• Actual or threatened physical violence against another person, including dating violence, domestic violence, child abuse, and other forms of family violence;
  •  Assault and/or battery, including sexual assault or other sex offenses;
  • Violent or threatening behavior toward another employee or a third party in any workplace setting;
  • Stalking, harassment, or similar forms of intimidation;
  •  Illegal possession of a gun or other weapon (such as explosives, toxic substances, and the like), or possession of a gun or other weapon in any workplace setting;
  •  Illegal possession, use, or distribution of alcohol or drugs;
  • Possession, use, or distribution of steroids or other performance enhancing substances;
  • Crimes involving cruelty to animals as defined by state or federal law;
  • Crimes of dishonesty such as blackmail, extortion, fraud, money laundering, or racketeering; Theft-related crimes such as burglary, robbery, or larceny;
  • Disorderly conduct;
  • Crimes against law enforcement, such as obstruction, resisting arrest, or harming a police officer or other law enforcement officer;
  • Conduct that poses a genuine danger to the safety and well-being of another person; and
  • Conduct that undermines or puts at risk the integrity of the NFL, NFL clubs, or NFL personnel.

OK, Mr. Goodell, one question:

This is the problem with your league: Enforce this list of conduct, and I don't think you can find 1,696 professional-level football players to play your games. So how you going to snow us under to ensure the show goes on?

So here's what happens:

1) Upon arrest, the league offers counseling and other related services, paid for by the league. In the case of domestic violence and child abuse and the like, urgent family services of similar types are provided. The player's amenability to such action will be a factor in eventual discipline. OK, makes sense.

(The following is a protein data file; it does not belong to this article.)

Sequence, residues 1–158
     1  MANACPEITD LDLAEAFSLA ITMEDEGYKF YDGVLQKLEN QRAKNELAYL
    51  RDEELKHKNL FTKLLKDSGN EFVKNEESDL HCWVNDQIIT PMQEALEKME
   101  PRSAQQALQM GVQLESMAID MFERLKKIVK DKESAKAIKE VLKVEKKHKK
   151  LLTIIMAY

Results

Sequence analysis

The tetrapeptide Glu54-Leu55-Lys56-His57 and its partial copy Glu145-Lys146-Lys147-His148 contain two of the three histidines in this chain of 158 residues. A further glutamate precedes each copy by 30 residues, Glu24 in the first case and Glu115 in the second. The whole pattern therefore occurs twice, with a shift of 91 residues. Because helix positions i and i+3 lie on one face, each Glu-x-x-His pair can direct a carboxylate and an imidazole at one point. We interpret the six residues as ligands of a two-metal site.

2) An investigation is started. A more formal listing of putting players on the Commissioner/Exempt List is formed:

"First, you are formally charged with a crime of violence, meaning that you are accused of having used physical force or a weapon to injure or threaten another person, of having engaged in a sexual assault by force or a sexual assault of a person who was incapable of giving consent, of having engaged in other conduct that poses a genuine danger to the safety or well-being of another person, or of having engaged in animal abuse. The formal charges may be in the form of an indictment by a grand jury, the filing of charges by a prosecutor, or an arraignment in a criminal court."

Which means that the fixers are now going to have to start to work in ways similar to the Santa Clara County Sheriff for the likes of Ray McDonald, are we right, Mr. Commissioner?

At least the one thing which is the case: Now, you're off the field upon any such charge. You're going to be paid, but...

3) The Commissioner CAN come to their own findings on violations of the Policy, irrespective of the guilt or innocence of a player, and does NOT have to conform to the standards of a criminal trial, nor does it mean they are guilty in one, necessarily. Grounds for throwing this out, on Constitutional/Too Big To Fail grounds?

To wit:

You have violated this policy if you have a disposition of a criminal proceeding (as defined), or if the evidence gathered by the league’s investigation demonstrates that you engaged in conduct prohibited by the Personal Conduct Policy. In cases where you are not charged with a crime, or are charged but not convicted, you may still be found to have violated the Policy if the credible evidence establishes that you engaged in conduct prohibited by this Personal Conduct Policy.

4) Initial decisions will be made by someone in the league office, a new discipline head (doesn't sound like this will extend to on-the-field, since the new Policy makes the point that he or she will be "a highly-qualified individual with a criminal justice background."

5) You can be fined, suspended, or thrown out of the league. The new domestic-violence policy has been graduated into this (six games minimum on first offense, thrown out of the league on #2).


Bottom line is what I said and bolded above: You actually enforce this, and I can GUARANTEE you that you won't find 1,696 professional-level football players who can or will abide by this.


Newton Update...

He's out of the hospital.

Neither driver will be charged.

Sounds like your standard accident -- which, of course, probably means we've dodged another bullet -- THIS TIME.